SEO for GOV.UK
A few months ago I wrote about how we’re using search analytics and SEO (or Search Engine Optimisation for all the non-robots out there) to make sure that people get the right answer quickly when they look for government information using search engines. Well, the SEO landscape has changed recently, and the work being done to make GOV.UK good from a user perspective also helps our content to rank well in external search results.
Disclosure – this post is very Google-centric. It’s not the only search engine out there, but it does account for about 90% of all UK searches. So optimising for Google is a good place to start.
Google loves us…
Google likes authoritative sites, and treats most government sites as trustworthy and important. In search results we’re like the parent figure; we might lack the cool, enticing appeal of commercial sites, but we provide reliable help and advice when you really need it.
…but not unconditionally
But if we don’t use the same language as our users, provide relevant services and information, or have other sites linking to us, Google won’t rank GOV.UK highly.
Sometimes if you search for a topic that government will have the definitive answer to, potentially misleading answers will appear higher than us – not a good look.
Take this example, a search for what is the VAT rate, and you’ll see that the official answer is beneath an incorrect answer on another site.
This is the kind of thing we’re trying to fix.
Google’s been a-changing
Google recently sent panda and penguin out to DESTROY THE LINK FARMS. They wreaked havoc, and banished the nasty spammy links from the golden heights of Google results.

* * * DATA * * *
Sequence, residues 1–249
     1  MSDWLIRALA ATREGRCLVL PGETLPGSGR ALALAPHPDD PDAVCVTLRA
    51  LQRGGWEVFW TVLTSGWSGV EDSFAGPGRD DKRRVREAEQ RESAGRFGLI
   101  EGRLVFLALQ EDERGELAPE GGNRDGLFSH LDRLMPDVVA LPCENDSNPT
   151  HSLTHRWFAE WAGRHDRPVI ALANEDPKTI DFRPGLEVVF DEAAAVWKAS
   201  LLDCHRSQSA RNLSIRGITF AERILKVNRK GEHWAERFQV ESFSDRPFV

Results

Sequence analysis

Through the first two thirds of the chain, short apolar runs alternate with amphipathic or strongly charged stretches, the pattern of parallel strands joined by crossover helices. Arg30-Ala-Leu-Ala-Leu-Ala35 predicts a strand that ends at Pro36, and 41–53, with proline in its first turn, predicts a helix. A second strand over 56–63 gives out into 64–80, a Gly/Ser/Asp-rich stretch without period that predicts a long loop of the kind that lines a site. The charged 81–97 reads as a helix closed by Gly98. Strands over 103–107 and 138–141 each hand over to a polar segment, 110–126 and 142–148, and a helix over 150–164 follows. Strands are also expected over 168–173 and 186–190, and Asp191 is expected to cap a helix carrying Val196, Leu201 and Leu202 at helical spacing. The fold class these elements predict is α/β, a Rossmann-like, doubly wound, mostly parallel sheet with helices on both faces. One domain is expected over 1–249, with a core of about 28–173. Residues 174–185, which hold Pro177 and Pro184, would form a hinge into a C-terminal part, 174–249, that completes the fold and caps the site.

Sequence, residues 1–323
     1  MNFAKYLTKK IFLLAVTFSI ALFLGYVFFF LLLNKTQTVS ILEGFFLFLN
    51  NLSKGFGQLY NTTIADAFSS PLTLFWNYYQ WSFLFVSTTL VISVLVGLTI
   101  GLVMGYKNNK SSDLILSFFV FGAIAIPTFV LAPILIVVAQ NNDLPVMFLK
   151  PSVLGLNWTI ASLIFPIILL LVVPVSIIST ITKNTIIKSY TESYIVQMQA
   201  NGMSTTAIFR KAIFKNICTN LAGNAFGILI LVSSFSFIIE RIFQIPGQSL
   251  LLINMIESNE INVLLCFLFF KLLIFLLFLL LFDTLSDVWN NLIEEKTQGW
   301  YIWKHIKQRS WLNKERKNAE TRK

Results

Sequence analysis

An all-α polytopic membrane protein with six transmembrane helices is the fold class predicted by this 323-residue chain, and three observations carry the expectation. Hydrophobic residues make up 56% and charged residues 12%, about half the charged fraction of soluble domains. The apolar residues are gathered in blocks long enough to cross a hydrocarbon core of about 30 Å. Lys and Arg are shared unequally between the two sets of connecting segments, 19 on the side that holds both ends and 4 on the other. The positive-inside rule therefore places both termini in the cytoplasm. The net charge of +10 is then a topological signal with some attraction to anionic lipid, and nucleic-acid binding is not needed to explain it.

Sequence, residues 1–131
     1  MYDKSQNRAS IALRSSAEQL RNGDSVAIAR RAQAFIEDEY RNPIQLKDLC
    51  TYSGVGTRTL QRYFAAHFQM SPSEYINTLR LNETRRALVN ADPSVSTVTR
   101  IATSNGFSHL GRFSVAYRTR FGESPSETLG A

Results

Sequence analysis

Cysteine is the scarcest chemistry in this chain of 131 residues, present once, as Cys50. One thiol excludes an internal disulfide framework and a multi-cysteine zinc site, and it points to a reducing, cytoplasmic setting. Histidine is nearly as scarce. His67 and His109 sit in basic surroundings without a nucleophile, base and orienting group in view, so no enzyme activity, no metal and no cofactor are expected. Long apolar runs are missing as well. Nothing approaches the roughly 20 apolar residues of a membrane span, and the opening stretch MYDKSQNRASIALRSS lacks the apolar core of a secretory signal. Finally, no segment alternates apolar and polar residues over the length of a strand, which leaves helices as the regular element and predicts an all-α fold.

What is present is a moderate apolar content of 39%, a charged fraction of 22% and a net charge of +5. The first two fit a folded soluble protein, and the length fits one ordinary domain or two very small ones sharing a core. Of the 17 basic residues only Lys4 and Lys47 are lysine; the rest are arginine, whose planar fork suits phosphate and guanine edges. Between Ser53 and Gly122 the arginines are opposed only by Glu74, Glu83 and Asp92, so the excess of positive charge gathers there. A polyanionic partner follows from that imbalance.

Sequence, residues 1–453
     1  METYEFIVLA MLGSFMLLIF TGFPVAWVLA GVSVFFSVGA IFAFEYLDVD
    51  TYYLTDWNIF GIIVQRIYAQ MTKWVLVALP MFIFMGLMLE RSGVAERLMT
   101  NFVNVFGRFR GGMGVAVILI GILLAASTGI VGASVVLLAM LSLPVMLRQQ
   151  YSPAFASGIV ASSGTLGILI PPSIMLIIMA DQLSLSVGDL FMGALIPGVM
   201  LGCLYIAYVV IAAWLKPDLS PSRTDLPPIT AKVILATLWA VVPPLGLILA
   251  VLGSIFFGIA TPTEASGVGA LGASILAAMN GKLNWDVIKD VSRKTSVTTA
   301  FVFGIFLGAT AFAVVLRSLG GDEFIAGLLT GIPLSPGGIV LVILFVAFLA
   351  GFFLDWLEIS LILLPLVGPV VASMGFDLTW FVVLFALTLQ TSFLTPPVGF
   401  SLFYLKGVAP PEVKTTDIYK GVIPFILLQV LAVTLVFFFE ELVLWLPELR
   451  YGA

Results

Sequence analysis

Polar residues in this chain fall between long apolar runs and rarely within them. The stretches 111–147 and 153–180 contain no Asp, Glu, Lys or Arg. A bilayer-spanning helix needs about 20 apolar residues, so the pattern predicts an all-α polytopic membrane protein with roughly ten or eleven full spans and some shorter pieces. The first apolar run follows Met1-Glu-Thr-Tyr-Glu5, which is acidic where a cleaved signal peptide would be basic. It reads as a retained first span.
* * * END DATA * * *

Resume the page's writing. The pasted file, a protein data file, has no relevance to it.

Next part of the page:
Maybe I should explain. Google has made updates to its algorithm (think of this as the scanner that determines the value of each web page) to weed out poor-quality websites that have used sneaky SEO practices to rank highly in search. These updates are known as Panda and Penguin. Google want to serve up good websites in their top results, and now they can do this more effectively.
We’ve worked hard to optimise
Panda and penguin may have got a lot of SEO practitioners hot under the collar, but they’re good for GOV.UK. We’re not trying to rank highly to sell sell sell. We care what people are looking for, not just what government wants to say. We’ve put a lot of effort into creating a great all-round user experience. This just so happens to fulfil Google’s best practice requirements, which are that sites:
- are easy to use, navigate and understand
- contain actionable information
- are well-designed and browser-friendly
- contain high-quality, trustworthy content
We’ve also shaped our user needs with search data right from the beginning and done a lot of keyword research along the way to really get into the detail of what people want. Add to that the SEO best practices that help us to rank well in search, and also improve the user’s journey:
- titles, meta-descriptions and slugs that are short, keyword-filled, and descriptive
- focussed related links on each page, informed by user data and editorial expertise
- content that’s not duplicated unnecessarily
But as with all things digital the proof will be in the numbers – we’re gearing up to measure our effectiveness post-launch, and iterate, iterate, iterate.